soon as primary survey of ATLS was finished.
Summary
Clinical Patterns of Pelvic Fracture at the Emergency Department
Young Jin Cheon, M.D., Sang Jin Lee, M.D. and Young Do Koh, M.D.*
J Korean Soc Traumatol. 2003;16(1):43-49.
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Background
s: The object of this retrospective study was to evaluate the clinical pattern of the patients with pelvic fracture due to blunt trauma. We analyzed the correlation between clinical symptoms, pelvic fracture classification, trauma score and ultimate outcome of treatment. In addition the purpose of the study was to establish a guideline for management in emergency departments. Methods: We performed a retrospective analysis of 90 patients with pelvic fractures during a 2 year period from January 2001 to December 2002 who presented in our emergency department. All data were collected from the medical records and were entered in a database for analysis on the basis of: age, sex, mechanism of injury, vital signs at admission, abbreviated injury scores (AIS), injury severity scores (ISS), anatomical grading of the fracture, clinical outcome (including hospital mortality), length of hospital stay, length of intensive-care-unit stay, requirement of crystalloid fluid, and blood product. The data were stratified into patients less than 55years of age (young group) and 55 years of age or older (old group). The data were also stratified according to the fracture grading and the trauma scores. Results: Among 90 patients, the numbers of male and female were similar (42:48). The most frequent fracture pattern was grade 3 (n=30, 33.3%), followed by grade 1. According to stratification by age, mortality in the older age group (n=25, 27.8%) was higher than it was in the younger group (p<0.05). However, there were no significant differences between the two groups as to the length of hospital stay, the admitting systolic blood pressure, the heart rate, and the fluid and blood product requirements. According to stratification based on the fracture grading system, the severe-fracture group (grade 3, n=30) showed higher mortality than the mild-fracture group (grades 1, 2 and 4). Also, systolic blood pressure at admission was significantly lower in the severe-fracture group than in the mild-fracture group. Stratification by using the AIS showed significant differences in the hospital mortality, the length of hospital stay, the admitting systolic blood pressure, and the requirement for fluid and blood products between the severely injured group (n=37, 41.1%; AIS (3 in any of head, thorax, abdomen) and the mild injured group. Conclusion: The severity of pelvic fracture is associated with the AIS and the associated injury. Correlations with age and fracture grade are weaker than the correlation with the AIS.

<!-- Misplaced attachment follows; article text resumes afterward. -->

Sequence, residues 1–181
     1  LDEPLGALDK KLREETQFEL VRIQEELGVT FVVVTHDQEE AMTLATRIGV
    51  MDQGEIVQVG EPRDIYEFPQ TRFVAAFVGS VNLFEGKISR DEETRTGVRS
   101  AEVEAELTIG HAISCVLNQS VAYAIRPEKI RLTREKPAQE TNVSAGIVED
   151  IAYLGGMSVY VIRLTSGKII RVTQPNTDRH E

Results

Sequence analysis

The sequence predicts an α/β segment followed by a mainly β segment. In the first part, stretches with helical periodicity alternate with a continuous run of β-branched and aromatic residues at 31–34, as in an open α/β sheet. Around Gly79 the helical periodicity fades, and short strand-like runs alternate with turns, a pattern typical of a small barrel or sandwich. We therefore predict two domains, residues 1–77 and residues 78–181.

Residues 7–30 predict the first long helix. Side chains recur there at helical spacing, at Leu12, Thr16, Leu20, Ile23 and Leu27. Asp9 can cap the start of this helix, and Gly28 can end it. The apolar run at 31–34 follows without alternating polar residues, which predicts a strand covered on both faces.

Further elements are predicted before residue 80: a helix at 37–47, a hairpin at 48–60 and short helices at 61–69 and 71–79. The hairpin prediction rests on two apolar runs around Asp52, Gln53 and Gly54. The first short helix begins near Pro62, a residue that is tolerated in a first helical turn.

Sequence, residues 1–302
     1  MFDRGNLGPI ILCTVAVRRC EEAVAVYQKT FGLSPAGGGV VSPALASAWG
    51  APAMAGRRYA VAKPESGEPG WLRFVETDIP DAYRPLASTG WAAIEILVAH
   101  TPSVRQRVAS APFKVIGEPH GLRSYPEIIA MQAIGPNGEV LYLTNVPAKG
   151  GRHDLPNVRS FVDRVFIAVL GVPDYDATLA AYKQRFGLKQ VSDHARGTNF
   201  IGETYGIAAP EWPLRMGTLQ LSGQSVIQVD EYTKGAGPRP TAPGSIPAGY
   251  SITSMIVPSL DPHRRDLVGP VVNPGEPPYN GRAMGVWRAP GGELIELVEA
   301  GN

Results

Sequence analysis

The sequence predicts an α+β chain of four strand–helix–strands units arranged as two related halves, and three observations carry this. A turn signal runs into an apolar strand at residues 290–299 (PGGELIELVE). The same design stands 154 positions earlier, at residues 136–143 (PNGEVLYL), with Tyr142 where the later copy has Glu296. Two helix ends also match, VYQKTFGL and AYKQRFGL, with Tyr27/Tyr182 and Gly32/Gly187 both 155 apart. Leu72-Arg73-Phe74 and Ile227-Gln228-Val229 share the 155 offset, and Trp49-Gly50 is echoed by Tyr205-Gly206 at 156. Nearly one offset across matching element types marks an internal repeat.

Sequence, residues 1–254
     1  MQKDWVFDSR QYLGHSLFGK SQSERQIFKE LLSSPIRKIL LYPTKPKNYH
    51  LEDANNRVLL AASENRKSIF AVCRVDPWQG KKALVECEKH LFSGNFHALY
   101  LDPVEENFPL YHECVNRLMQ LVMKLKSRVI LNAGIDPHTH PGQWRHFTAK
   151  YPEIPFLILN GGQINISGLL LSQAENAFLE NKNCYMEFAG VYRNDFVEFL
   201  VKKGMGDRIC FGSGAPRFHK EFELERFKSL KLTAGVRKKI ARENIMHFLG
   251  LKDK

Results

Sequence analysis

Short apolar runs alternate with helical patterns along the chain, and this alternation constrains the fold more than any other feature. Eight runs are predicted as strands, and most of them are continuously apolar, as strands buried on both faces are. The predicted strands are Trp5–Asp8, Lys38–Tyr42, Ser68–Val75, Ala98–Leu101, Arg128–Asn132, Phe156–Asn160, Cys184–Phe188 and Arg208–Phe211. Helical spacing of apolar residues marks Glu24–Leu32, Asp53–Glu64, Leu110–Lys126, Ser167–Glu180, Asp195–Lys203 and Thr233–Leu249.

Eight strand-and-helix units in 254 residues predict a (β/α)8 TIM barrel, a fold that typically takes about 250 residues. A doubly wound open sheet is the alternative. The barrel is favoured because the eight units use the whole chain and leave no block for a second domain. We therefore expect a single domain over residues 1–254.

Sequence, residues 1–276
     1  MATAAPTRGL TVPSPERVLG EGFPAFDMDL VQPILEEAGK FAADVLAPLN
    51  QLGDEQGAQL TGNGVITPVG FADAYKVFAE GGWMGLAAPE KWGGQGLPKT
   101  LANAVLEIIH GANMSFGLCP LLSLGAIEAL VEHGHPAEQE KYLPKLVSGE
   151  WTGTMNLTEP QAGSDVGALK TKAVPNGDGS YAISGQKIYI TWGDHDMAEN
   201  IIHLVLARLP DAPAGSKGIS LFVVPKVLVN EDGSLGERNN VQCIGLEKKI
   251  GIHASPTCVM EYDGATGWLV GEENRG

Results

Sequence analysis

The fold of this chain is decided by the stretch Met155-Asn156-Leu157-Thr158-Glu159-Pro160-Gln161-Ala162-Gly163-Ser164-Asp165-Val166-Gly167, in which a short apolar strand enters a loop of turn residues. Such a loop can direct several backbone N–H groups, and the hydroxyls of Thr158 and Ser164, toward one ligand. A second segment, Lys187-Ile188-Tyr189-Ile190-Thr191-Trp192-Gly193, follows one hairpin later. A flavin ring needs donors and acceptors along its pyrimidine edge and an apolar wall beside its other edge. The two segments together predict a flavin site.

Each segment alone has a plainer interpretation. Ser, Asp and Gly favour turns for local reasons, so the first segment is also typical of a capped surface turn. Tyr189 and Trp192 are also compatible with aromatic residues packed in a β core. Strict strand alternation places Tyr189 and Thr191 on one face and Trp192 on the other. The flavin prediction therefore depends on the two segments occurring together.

Summary
Small Bowel Injury after Blunt Abdominal Trauma: An Analysis of Diagnostic Methods
Jae Woon Lee, M.D., Jin Whan Kim, M.D., Jang Ho Kim, M.D.*, Hae Chang Jo, M.D., and Byung Jo Bae, M.D.
J Korean Soc Traumatol. 2003;16(1):50-57.
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AbstractAbstract PDF
Background
Although small bowel rupture has been reported to be the third most common injury in blunt abdominal trauma, but small bowel injury is an infrequent diagnosis, and there is not much agreement on how to make the diagnosis. The purpose of this study was to evaluate methods for making the diagnosis of blunt small bowel injury. Materials and Methods: The charts of 45 patients with small bowel injury by blunt trauma who were admitted to the Department of General Surgery of Daegu Fatima Hospital from January 1998 to December 2002 were reviewed. Each record was reviewed for detailed history, laboratory findings, and diagnostic methods. Results: A total of 45 patients who had small bowel perforations were included in this study. Forty-two had an abnormality on physical examination (93.3%). Thirty-four had CT abnormalities (75.6%). Thirty-two had leukocytosis (71.1%). Of the thirty-four patients with CT abnormalities, twenty had bowel-wall thickening, twenty-six had free air, and eighteen had fluid collection. Delays in the diagnosis of small bowel perforation are directly responsible for one-third of the deaths. Conclusion: Blunt small bowel perforation after trauma is relatively uncommon. When it is present, the results of physical examination, laboratory test (CBC), abdominal CT have to be considered initially.
Summary
Treatment of Occult Pneumothoraces according to Computed Tomog raphic Scan Classification
Jin Seong Cho, M.D., Yong Su Lim, M.D., Gun Lee, M.D., Seung Youl Hyun, M.D.*, Wook Jin, M.D.**, Seong Youn Hwang, M.D.***
J Korean Soc Traumatol. 2003;16(1):58-63.
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Background